Youth attending the Terrace Public Library’s summer reading club last Wednesday were given the opportunity to do something their parents might have traditionally taught them to avoid: They were encouraged to look directly at the sun.
Jamie Purves, an educator with the H.R. MacMillan Space Centre in Vancouver, visited the library here last week with his solar telescope, a piece of equipment that allowed youth ages three through 11 to safely observe the sun and learn more about the wonders of space.
“I think it’s important because I think it inspires kids to think of science as something that’s cool and interesting and possibly a career choice,” Purves said. “I think that’s really the key to what we’re doing here.”
The H.R. MacMillan Space Centre is a non-profit organization that seeks to inspire people and educate them on the wonders of space science, exploration and the universe at large.
Purves has been touring First Nations communities as well as cities across northern B.C. to spread the organization’s message.
Besides Terrace, he has also presented to summer reading clubs and groups in Burns Lake, Smithers, Hazelton, Vanderhoof, Fort St. James, Kitimat and other communities along the route from Prince George to Prince Rupert.
The youth at the library’s summer reading club were in the middle of a space-themed week when Purves came and showed them why scientists are endlessly fascinated by space.
He taught them about exoplanets in far-off solar systems, the International Space Station, and explained what someone might see if they were to venture off into space.
He also discussed the roles of Canadian astronauts, such as Chris Hadfield, and their roles in the exploration of space.
“The neat thing about space is that every time you look out there, if you look hard, you see something that just blows your mind,” Purves said, explaining the enthusiasm behind his presentation and the affinity youth have for space.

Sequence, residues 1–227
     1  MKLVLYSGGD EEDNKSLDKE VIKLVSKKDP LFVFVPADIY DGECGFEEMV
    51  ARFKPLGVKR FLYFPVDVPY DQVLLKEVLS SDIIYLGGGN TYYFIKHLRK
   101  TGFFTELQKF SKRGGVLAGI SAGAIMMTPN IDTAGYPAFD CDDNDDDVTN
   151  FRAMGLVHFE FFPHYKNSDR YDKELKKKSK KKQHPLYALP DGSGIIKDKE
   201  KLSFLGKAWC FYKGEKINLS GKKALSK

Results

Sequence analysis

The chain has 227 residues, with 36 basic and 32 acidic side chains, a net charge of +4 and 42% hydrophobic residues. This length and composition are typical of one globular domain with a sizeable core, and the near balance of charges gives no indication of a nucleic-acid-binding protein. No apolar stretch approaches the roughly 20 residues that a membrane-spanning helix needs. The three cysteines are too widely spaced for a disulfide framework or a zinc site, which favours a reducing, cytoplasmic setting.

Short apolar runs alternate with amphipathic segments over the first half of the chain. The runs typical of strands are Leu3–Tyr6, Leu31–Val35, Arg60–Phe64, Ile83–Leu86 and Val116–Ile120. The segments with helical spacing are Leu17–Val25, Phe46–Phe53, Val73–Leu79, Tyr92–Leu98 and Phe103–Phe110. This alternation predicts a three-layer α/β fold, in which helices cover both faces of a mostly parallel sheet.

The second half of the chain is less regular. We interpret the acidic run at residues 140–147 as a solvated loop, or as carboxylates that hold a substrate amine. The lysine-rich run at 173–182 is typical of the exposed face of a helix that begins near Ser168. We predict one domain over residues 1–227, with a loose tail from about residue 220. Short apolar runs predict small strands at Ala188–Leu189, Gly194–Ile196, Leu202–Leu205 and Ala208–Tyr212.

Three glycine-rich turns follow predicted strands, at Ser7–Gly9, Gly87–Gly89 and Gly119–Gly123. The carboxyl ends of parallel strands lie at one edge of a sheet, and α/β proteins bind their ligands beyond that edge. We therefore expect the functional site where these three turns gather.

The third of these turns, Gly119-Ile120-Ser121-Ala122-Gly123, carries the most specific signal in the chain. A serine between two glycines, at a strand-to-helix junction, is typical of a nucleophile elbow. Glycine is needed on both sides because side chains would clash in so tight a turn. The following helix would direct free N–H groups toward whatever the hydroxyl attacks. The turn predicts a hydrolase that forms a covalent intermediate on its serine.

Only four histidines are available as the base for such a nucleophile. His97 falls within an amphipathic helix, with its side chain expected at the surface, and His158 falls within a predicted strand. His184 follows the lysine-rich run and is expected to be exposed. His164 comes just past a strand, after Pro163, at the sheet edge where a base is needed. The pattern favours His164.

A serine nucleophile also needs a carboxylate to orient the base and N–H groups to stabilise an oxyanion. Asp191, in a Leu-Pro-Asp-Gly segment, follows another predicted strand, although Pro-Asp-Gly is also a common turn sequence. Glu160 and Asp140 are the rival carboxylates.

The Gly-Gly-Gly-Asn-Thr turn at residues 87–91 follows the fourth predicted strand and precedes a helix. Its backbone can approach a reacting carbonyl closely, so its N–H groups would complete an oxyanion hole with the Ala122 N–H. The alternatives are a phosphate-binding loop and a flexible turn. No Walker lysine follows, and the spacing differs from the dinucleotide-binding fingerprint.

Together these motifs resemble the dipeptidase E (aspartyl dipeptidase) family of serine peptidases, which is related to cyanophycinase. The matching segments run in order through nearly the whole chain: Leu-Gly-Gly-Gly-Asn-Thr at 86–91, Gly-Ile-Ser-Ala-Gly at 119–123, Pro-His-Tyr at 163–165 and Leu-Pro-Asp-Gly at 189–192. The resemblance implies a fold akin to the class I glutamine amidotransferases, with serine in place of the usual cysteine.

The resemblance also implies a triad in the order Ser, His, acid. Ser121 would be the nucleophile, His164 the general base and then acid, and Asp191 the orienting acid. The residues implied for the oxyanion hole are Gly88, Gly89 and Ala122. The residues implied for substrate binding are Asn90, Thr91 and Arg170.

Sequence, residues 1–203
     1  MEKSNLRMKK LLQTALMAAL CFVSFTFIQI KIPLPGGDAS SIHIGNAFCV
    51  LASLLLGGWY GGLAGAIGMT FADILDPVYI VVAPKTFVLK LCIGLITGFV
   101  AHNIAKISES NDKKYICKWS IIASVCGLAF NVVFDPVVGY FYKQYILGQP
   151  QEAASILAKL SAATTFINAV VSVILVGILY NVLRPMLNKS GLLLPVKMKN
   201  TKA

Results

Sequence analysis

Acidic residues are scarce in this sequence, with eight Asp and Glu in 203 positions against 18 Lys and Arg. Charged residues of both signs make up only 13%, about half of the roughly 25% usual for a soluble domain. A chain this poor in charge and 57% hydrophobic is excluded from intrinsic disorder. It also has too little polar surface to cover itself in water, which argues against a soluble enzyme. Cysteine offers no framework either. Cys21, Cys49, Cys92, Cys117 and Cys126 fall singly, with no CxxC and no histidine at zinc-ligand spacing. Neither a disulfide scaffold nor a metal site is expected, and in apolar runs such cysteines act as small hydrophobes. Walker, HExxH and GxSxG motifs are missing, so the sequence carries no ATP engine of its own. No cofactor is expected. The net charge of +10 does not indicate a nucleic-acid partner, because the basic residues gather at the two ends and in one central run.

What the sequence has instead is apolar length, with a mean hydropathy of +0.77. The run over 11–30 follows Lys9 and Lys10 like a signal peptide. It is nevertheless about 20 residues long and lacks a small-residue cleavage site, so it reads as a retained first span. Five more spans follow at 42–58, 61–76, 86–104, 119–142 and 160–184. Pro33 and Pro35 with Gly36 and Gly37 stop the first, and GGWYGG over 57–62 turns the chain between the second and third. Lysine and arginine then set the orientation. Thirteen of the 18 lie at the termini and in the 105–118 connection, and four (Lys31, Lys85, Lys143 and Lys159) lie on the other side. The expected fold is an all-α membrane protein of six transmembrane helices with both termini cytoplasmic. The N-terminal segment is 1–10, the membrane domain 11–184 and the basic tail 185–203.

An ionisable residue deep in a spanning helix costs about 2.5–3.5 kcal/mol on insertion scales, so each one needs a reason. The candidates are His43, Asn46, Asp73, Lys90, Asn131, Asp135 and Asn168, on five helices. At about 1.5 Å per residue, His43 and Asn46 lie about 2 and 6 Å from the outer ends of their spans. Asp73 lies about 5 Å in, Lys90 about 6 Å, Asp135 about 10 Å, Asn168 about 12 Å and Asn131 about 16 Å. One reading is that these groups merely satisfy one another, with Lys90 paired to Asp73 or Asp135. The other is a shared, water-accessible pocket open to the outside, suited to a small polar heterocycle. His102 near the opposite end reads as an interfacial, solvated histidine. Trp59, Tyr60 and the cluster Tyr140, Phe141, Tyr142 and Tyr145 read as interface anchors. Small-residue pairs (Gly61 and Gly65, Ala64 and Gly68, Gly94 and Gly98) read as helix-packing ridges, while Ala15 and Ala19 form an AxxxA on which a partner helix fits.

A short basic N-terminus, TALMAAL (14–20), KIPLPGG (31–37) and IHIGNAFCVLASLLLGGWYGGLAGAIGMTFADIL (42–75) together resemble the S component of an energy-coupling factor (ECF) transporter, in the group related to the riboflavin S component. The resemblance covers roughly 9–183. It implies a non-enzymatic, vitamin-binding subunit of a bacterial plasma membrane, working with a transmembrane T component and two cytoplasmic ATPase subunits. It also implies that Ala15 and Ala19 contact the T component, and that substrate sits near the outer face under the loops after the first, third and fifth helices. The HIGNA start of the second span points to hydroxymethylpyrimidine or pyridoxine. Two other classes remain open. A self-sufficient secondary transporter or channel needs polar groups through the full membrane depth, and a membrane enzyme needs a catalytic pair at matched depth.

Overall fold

During the grand finale of Purves’ presentation, he gave youth the opportunity to look through a solar telescope to catch a rare glimpse of the sun’s surface.
Purves set the telescope up outside the library and youth lined up to have a look.
“It filters out almost all of the radiation and light, except for a very narrow bandwidth called the hydrogen alpha spectrum, and that shows the features on the outer surface,” Purves said.
The sun looked reddish-orange while observing it through the telescope. A closer look revealed a black spot on the image, something that Purves explained was actually a sun spot or a cluster of sun spots.
He also said it was common to see solar flares through the telescope.
Although the presentation was intended for youth, it drew adults and parents alike who happened to be at the library at the time and who joined the activity and lined up to participate.
“It allows you to do something safely that you can’t normally do,” Purves said.
“People are amazed, actually, to be able to see the surface of the sun. They’re totally amazed.”
The library’s summer reading club provides activities for Terrace youth and encourages them to be active readers over the summer months.
The reading club is intended for children, though this year there has also been up to 17 teenage volunteers working to make the club a success.
A wrap-up party is scheduled Aug. 23 for the youth and volunteer participants of this year’s club.